The National Academy of Sciences and the Federal Advisory Committee Act
RCED-99-17: Published: Nov 13, 1998. Publicly Released: Nov 25, 1998.
- Full Report:
Pursuant to a congressional request, GAO reviewed the committee process at the National Academy of Sciences, focusing on the: (1) reasons the Academy sought relief from the Federal Advisory Committee Act; (2) Academy's committee procedures for providing advice to the federal government; and (3) Academy's implementation of the new requirements for providing information to the public.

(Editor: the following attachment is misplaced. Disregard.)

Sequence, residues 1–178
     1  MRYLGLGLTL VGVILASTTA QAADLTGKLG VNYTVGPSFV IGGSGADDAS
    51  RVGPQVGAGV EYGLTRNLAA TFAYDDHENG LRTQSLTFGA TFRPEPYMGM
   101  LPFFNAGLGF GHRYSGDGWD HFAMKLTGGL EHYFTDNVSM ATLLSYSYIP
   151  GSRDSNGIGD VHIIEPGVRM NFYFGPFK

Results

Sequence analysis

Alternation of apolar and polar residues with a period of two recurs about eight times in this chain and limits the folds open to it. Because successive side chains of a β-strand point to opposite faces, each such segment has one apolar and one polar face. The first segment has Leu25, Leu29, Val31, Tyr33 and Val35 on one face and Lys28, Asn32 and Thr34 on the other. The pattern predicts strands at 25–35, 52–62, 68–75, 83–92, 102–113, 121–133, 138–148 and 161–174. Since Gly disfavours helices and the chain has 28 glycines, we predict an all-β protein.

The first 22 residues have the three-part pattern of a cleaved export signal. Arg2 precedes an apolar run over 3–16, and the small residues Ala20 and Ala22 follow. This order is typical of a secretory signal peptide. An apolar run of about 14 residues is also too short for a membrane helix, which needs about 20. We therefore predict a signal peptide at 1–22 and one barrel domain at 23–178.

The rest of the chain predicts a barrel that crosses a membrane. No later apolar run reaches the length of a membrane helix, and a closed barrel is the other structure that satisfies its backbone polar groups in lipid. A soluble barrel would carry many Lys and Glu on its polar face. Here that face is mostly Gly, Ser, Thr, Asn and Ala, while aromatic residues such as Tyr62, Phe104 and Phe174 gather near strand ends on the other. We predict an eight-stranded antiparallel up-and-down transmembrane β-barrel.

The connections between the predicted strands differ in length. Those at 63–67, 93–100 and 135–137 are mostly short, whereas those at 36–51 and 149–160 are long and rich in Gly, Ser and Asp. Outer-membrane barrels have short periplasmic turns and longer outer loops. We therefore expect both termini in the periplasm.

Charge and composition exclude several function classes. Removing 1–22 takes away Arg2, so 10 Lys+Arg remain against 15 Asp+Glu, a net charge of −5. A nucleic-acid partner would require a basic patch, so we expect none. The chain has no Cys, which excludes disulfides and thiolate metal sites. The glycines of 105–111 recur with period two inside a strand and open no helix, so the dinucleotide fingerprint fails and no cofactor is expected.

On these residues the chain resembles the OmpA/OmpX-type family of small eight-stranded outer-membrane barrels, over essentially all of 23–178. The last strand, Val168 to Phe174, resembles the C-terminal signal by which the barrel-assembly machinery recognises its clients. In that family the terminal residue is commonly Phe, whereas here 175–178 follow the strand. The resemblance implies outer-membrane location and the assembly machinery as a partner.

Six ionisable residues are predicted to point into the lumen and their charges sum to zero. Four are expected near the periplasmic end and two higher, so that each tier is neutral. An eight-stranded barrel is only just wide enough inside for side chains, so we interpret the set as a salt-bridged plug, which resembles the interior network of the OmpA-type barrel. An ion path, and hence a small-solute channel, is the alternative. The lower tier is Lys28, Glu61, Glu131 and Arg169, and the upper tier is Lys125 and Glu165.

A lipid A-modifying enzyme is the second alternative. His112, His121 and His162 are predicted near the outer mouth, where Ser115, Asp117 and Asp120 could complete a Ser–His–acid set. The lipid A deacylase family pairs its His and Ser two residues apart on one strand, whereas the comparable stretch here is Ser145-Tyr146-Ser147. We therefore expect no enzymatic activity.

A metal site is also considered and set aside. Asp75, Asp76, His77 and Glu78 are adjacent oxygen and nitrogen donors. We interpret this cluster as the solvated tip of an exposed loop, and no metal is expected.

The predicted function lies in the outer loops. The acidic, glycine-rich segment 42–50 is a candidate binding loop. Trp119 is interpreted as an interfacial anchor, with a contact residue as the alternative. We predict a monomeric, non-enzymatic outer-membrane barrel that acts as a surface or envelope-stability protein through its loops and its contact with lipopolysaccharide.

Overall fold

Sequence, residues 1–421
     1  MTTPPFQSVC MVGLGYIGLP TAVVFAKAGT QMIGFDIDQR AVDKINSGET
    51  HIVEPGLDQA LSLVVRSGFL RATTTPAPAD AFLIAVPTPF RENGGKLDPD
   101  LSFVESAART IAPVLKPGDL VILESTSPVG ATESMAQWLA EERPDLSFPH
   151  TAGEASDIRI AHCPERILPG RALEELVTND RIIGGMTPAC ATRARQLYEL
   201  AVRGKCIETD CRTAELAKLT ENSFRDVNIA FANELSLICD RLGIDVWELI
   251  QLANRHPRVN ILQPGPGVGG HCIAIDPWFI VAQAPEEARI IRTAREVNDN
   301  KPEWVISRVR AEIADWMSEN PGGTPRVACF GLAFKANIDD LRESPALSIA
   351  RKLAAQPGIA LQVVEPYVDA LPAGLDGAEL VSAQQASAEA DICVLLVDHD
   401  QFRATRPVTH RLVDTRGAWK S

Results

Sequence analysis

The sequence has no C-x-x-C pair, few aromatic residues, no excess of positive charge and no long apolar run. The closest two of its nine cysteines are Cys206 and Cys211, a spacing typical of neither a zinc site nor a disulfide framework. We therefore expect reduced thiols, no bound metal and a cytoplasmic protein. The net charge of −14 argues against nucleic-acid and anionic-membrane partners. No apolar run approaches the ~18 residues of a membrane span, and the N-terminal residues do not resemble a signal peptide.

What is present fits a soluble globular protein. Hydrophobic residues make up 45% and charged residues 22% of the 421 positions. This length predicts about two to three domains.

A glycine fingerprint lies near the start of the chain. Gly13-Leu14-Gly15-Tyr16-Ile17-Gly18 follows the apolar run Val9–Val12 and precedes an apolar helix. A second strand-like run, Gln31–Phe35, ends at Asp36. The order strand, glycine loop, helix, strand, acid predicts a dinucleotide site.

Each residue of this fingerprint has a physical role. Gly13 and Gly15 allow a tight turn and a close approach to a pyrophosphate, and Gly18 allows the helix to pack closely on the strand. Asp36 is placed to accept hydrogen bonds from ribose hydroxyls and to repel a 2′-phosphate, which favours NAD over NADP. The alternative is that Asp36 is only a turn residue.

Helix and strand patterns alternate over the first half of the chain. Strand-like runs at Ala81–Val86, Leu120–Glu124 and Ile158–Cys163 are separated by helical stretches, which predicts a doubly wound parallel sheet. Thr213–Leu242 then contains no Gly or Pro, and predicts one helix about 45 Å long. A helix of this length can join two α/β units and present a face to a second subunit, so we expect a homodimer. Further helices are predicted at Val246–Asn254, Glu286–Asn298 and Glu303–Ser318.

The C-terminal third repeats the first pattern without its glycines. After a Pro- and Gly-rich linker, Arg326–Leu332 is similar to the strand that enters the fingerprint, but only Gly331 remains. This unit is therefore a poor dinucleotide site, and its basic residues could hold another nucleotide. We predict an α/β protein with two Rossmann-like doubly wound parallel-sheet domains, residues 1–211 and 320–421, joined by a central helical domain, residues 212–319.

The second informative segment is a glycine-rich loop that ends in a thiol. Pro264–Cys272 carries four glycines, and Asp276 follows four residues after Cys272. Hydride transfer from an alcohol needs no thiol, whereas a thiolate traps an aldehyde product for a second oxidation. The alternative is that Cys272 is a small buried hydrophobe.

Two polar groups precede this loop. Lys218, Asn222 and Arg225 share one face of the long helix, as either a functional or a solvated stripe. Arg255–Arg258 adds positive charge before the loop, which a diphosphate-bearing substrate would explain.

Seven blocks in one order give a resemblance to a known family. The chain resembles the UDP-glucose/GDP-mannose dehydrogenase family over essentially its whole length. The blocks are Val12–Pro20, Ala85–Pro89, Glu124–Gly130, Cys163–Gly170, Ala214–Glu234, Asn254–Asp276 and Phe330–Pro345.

GAO noted that: (1) according to Academy officials, the Academy sought relief from the act for a number of reasons; (2) central to its concerns was the Academy's ability to maintain sole authority in appointing committee members and to conduct its work independently from sponsoring agencies' influence; (3) in addition, the Academy opposed opening deliberative meetings on the grounds that such an action could stifle open debate and could impact the Academy's ability to recruit committee members; (4) finally, the Academy was concerned about the amount of time and expense to perform the administrative requirements of the act, which could render the Academy unresponsive to the government; (5) prior to the enactment of the amendments, the Academy developed a number of procedures governing its committees' activities, including project formulation, committee selection, committee work, report review, and the release and dissemination of reports; (6) according to Academy officials, these procedures are intended to help ensure the integrity of advice provided to the federal government; (7) for example, committee selection includes procedures for identifying conflicts of interest and potential bias of committee members; (8) the committee work phase provides an opportunity for some public participation, and committee reports are reviewed by an Academy review committee before they are released to the sponsoring agency and the public; (9) in response to section 15, the Academy developed a web site to increase public access to current project information, however, GAO found that some descriptive information on current projects was not always posted in a timely manner and was not always complete; and (10) during this audit, the Academy addressed these problems and developed additional written guidelines regarding the posting of committee information as well as additional quality assurance procedures.